Articles & Tools

Are all shekels created equal?

The economic thinking of the nineteenth and early twentieth centuries, was based largely on the idea of the “economic man” . According to this view, the economic person is a rational, logical creature who tries to achieve maximum benefit according to the information and resources at his disposal at any given moment.”

This idea lasted over 110 years until two researchers named Daniel Kahneman and Amos Tversky showed in a series of studies that humans are really, really irrational. The results of Kahneman and Tversky’s research were published in 1974 and caused a great uproar in the field of economics in general and economic behavior in particular. All the basic assumptions used by the researchers until the publication of their study have been completely undermined. For their research in the field of irrational economic behavior they were awarded the Nobel Prize in Economics.

Studies and your intuition have shown that this phenomenon of inconsistency and irrationality in economic behavior is very common. For example, in the supermarket we are willing to spend 10 minutes comparing prices of soft drinks in order to save 1 NIS on a bottle, but on vacation in Eilat we will purchase a can of drinks for 10 ₪, even though a 5-minute walk from the hotel there is a grocery store that sells the same can at half price. It turns out that the circumstances of the payment affect the perception of the value of money. On vacations, our money is simply worth less, our wallet is pulled out without a second thought, and we part with the money more easily.

Another example, imagine that you are in a bookstore and you found a book that you want that costs 150 NIS (yes it is an expensive book but really worth it). Just before the purchase, your friend enters and tells you that within a 10-minute walk you can purchase the same book on sale and at a price of 85 ₪. I guess most of us will bother ourselves to the other store if only to avoid coming out suckers. Now imagine that you are about to buy a car for 110,000 NIS. Just before the purchase, your friend from the previous story arrives and says that he saw the same vehicle at the end of the street, a 10-minute walk away, for 109,935 ₪. I allow myself to prophesy and say that most of us will not make the effort for a small sum of NIS 65. The reason that 65 NIS in the case of the book is worth much more than 65 NIS in the case of the car has to do with the relative way in which we perceive the value of money.

In lectures I often give a simple example of the irrationality of people’s financial thinking. I point to my laptop and ask people if they would be willing to pay me NIS 500 in cash for it. I usually receive many purchase offers on the spot. Then I ask if they were willing to pay those NIS 500 on condition that the money be taken directly from their pension account. At this point, no one is ready to make the purchase anymore. Changing the attitudes of the audience indicates that we attribute different value to the same amount of money in different circumstances. Money in the pension fund is considered “equal” money that should not be touched, while money in the wallet is intended for purchases, even though the money from the wallet could easily be transferred to retirement, if only we wanted to.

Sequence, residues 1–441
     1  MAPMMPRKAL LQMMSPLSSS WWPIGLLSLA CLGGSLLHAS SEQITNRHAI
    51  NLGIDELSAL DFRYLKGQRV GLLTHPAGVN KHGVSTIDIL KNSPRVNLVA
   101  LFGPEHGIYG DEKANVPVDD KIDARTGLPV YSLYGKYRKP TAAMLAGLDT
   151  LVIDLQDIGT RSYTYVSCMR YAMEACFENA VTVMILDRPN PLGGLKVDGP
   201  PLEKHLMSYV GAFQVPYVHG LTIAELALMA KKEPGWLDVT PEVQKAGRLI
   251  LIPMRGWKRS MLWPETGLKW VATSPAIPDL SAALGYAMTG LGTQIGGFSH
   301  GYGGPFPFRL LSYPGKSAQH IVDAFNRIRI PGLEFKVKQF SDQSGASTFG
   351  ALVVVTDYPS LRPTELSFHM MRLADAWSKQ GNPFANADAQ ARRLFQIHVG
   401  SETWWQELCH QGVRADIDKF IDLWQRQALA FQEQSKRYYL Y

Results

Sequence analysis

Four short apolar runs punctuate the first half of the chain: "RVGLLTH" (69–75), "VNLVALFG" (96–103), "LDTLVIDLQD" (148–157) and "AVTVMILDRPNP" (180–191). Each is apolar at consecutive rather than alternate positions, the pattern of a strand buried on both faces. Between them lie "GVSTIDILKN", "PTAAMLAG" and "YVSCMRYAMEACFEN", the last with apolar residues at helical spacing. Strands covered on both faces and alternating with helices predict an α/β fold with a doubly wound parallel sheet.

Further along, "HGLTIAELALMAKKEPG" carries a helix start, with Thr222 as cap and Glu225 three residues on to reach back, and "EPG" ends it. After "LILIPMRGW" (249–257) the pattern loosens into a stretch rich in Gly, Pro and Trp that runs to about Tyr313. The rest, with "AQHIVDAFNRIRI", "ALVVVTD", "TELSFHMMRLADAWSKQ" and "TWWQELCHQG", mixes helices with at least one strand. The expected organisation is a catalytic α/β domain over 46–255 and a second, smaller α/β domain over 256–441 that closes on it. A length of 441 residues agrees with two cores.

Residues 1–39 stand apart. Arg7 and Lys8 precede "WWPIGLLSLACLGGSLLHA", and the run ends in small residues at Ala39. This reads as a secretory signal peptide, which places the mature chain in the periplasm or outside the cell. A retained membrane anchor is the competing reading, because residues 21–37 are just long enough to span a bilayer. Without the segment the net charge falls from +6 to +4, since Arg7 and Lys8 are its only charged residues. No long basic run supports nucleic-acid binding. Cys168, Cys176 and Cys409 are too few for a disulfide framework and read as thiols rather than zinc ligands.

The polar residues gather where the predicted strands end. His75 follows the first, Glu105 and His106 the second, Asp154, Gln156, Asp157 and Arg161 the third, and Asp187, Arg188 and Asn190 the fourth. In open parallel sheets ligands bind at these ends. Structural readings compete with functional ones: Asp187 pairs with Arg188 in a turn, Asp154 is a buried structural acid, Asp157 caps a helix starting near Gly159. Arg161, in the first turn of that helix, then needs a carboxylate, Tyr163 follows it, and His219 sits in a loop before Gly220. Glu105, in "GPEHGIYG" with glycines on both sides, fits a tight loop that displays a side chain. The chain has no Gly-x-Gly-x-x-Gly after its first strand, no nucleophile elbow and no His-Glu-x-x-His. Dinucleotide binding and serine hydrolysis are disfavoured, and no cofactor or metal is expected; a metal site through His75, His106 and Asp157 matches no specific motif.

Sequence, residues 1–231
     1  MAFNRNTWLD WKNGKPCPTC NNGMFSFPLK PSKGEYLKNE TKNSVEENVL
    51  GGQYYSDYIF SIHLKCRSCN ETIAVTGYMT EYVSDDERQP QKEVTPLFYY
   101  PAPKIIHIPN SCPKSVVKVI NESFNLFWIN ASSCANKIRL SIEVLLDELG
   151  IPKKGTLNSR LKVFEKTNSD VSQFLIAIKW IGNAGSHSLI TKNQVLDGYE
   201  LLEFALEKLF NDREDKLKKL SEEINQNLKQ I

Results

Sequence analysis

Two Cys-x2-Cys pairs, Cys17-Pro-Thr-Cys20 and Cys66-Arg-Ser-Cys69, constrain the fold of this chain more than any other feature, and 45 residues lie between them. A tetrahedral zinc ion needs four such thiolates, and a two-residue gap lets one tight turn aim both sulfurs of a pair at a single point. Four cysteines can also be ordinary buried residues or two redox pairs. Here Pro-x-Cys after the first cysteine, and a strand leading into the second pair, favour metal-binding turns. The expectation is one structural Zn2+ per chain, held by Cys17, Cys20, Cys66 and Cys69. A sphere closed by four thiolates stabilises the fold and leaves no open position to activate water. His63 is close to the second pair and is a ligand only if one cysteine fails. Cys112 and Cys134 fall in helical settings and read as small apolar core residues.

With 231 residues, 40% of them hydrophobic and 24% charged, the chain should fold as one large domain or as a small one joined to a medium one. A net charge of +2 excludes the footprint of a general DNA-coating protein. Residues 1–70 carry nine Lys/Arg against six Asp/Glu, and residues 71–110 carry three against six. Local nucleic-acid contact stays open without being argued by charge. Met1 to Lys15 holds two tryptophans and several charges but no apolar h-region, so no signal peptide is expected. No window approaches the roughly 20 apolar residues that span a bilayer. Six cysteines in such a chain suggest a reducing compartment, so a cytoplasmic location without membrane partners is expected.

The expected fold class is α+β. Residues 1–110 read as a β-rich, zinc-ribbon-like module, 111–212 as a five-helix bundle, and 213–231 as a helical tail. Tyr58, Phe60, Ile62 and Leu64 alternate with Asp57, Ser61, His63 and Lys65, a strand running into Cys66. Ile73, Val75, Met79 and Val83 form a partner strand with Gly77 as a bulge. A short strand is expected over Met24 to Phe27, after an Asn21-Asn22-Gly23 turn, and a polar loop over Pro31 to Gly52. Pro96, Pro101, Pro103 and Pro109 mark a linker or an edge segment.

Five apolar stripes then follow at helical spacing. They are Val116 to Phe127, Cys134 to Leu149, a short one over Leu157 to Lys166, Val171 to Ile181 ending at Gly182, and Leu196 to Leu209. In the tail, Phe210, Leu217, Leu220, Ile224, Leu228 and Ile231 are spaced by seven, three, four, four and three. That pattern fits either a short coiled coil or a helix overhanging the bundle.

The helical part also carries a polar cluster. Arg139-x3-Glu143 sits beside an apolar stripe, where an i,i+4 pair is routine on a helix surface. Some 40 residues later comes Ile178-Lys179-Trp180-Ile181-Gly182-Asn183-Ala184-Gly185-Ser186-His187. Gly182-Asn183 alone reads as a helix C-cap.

On the basis of additional findings in the field, I built a table showing the relative value of money, according to the circumstances.

The Cognitive ContextofMoney Relative value
Funds in a pension plan 1.16
Cash in pocket on a note of 10 0.99
Credit card cash 0.96
Money I received as a gift 0.91
Break 0.88
Money I earned in investments 0.78
Credits 0.74
Money in foreign currency on vacation 0.69
A little money in your pocket 0.59
Money I just found on the street 0.54

A few other things that affect the perception of the value of our money:

  • At night money is worth less than during the day.
  • When we are drunk, the money is worth much less.
  • When we dress in our best clothes, expensive and dignified clothes, the money is worth less.
  • When we’re among a group of friends or people who are similar to us in background and status, money is worth less.

Of course, these principles are well known to marketers and they use them for their purposes at every opportunity. The question is how we, as professionals, can equip families with tools to help them cope with what seems to be an innate mental malfunction in all people. Although it is too short to discuss all the tools in the field, I will mention one tool nonetheless.

The real price we pay for almost everything we want is actually not money but time. To make money, we need time. It is not for nothing that the saying is used time is money. One way to understand the real price of a product is to translate it into units of time. If we take my income and divide it while I work to generate the money, we get the time key. For example, if I leave for work every morning at 8:00 a.m. and return at 6:30 p.m., that means I allocate 210 hours a month to generate my monthly income. If I make NIS 7,000 a month, that means I actually earn about NIS 34 an hour or NIS 350 a day.

The next time, when I want to go on vacation in a hotel at a cost of NIS 5,000, I will have to decide whether it is worth giving up almost a month of my life in order to pay for the vacation that lasts only a few days. From now on, say, “A movie costs me two hours, gas costs me a week, and a new armchair costs me two months of my life.” Such a calculation helps us in exercising rational economic judgment, and it greatly reduces the impact of tempting marketing offers on our decisions.

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